RADIO WON’T WAIT 0307
According to its producer, The Ford Sunday Evening Hour was a way for radio audiences “to feel cultured without really being so.” Beginning in 1934 it provided classical music, popular opera arias, familiar ballads and hymns. Henry Ford hired most of the Detroit Symphony as the house orchestra. The conductors were some of the best – Sir John Barbirolli and Fritz Reiner. The soloists were the finest, although, in the case of pianist Myra Hess, the encounter with radio was not graceful.
Hess was booked to play Edvard Grieg’s Piano Concerto in A Minor for a March 7, 1937 broadcast. A representative of the Ford Motor Company suggested a fee of $3,000.
It was a fortune. “That’s ridiculous!” Hess declared.
Taking her surprise for disappointment, the man from Ford said, “All right then. Make it $4,000.”
The rehearsal was timed so precisely that Hess got rattled. She went back to her hotel suite, shut herself up in the sitting room, and practiced until it was past time for her to leave for the broadcast. When she got up to go, she found that the door had jammed, trapping her in the room. With the aid of a friend, she forced the door open, did a quick change, and managed to get to the concert hall on time – barely.
The orchestra was already playing an overture as she was led to a small gilt chair on the stage. When the overture ended, she stood up and headed toward the piano, but she was only halfway to it when the time-conscious conductor signaled for the drum roll that began the concerto. She made what was described as “a running dive” for the keyboard and got there just in time to hit the dramatic opening chords.
The ordeal had its compensations. After the broadcast Myra Hess told a backstage policeman that no one had any right to the outlandish fee she was getting for performing the radio concert.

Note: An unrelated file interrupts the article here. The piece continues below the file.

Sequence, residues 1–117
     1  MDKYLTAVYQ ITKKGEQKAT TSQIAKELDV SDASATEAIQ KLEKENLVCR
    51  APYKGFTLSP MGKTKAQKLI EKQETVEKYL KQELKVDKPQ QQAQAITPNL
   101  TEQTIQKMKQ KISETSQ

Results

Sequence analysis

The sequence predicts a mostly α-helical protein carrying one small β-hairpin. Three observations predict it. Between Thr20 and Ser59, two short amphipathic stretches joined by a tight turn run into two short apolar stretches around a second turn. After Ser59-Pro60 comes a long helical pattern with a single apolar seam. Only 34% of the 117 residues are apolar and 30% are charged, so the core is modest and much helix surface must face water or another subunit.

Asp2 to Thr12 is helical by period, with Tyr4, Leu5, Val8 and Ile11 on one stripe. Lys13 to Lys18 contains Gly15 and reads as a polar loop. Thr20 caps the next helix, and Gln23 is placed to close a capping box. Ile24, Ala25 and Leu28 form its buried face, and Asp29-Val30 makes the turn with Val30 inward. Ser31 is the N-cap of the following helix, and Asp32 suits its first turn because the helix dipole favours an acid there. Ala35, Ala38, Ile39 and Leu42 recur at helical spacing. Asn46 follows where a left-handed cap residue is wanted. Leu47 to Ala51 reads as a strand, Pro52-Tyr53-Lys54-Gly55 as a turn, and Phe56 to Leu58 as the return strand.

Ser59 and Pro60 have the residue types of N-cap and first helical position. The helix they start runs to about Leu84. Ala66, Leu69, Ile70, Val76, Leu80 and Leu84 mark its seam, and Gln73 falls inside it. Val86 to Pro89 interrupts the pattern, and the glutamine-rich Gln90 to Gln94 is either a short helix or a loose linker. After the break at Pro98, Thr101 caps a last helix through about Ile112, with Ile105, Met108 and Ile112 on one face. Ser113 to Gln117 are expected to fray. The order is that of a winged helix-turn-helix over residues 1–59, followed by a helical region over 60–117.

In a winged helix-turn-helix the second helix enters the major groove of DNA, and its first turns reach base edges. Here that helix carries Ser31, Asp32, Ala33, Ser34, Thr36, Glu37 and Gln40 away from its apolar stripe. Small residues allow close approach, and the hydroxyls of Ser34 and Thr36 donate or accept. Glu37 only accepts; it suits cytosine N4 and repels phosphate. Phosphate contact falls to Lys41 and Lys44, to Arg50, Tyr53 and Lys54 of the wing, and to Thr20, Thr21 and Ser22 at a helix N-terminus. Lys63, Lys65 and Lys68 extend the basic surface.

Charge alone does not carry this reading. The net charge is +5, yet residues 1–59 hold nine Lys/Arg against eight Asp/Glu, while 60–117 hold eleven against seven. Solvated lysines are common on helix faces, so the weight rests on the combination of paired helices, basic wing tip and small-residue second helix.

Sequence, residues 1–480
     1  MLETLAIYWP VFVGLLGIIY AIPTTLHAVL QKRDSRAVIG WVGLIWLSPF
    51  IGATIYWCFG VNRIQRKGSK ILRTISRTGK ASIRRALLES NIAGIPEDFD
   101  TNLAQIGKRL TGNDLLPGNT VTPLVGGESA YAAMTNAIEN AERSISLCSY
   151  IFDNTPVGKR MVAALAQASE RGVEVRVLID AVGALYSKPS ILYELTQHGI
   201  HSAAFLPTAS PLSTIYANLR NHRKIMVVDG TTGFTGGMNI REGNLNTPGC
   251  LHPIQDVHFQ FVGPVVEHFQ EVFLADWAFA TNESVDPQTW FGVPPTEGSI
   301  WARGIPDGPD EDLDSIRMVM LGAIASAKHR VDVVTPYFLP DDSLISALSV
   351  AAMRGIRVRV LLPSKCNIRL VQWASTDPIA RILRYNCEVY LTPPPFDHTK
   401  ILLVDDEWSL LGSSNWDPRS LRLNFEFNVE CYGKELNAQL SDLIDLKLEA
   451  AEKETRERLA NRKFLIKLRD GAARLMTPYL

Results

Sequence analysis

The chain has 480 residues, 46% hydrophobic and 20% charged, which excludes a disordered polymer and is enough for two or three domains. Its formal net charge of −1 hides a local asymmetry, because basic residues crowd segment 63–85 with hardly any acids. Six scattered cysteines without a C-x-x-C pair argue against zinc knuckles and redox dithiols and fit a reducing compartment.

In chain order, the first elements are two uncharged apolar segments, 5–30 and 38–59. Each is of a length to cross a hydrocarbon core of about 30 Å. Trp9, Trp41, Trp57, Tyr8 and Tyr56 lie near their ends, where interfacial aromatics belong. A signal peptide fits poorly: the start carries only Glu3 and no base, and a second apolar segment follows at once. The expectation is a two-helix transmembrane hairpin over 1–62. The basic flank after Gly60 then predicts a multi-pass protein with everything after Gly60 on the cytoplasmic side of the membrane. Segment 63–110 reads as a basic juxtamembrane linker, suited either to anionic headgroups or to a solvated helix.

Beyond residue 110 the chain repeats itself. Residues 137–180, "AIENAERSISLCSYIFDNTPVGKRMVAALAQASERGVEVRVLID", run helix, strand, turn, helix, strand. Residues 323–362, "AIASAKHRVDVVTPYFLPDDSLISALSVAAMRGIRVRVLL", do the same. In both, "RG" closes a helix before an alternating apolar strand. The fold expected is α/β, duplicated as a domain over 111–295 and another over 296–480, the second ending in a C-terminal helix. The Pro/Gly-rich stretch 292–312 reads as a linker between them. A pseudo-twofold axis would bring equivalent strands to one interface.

In 1832, after attending a concert by Niccolo Paganini, twenty-year-old Franz Liszt had been inspired to raise the level of his virtuosity by applying Paganini’s violin technique to the piano. At the same time, Paganini’s charismas made Liszt realize that showmanship would take him to even greater heights. A description of a Liszt concert of ten years later shows that the pianist had taken his lessons to heart.
On April 8, 1842, Russian critic Vladimir Stasov attended a Liszt concert at the Assembly Hall of the Nobles in St. Petersburg. He described a stage in the middle of the concert hall on which stood two pianos facing in opposite directions.
Liszt, noticing the time, walked down from the gallery, elbowed his way through the crowd and hurried toward the stage. Instead of using the steps, he leapt onto the stage. He yanked off his white kid gloves and tossed them on the floor, under the piano. Then, after bowing low in all directions to a din of applause, such as probably had not been heard in St. Petersburg since 1703, he sat down at the piano. A hush fell over the hall at once. He went straight into the opening cello phrase of the William Tell Overture. As soon as he finished, while the hall was still ringing with applause, he rushed to the second piano facing in the opposite direction. Throughout the concert he alternated pianos, facing first one, then the other half of the hall.
He played the Andante from Lucia, his fantasy on Mozart’s Don Giovanni, piano transcriptions of Schubert’s Standchen and Erlkonig, Beethoven’s Adelaide, and ended with his own Galop chromatique.
Never in our lives had we heard anything like that; we had never been in the presence of such a brilliant, passionate, demonic personality, at one moment rushing like a whirlwind, at another pouring and cataracts of pure beauty and grace.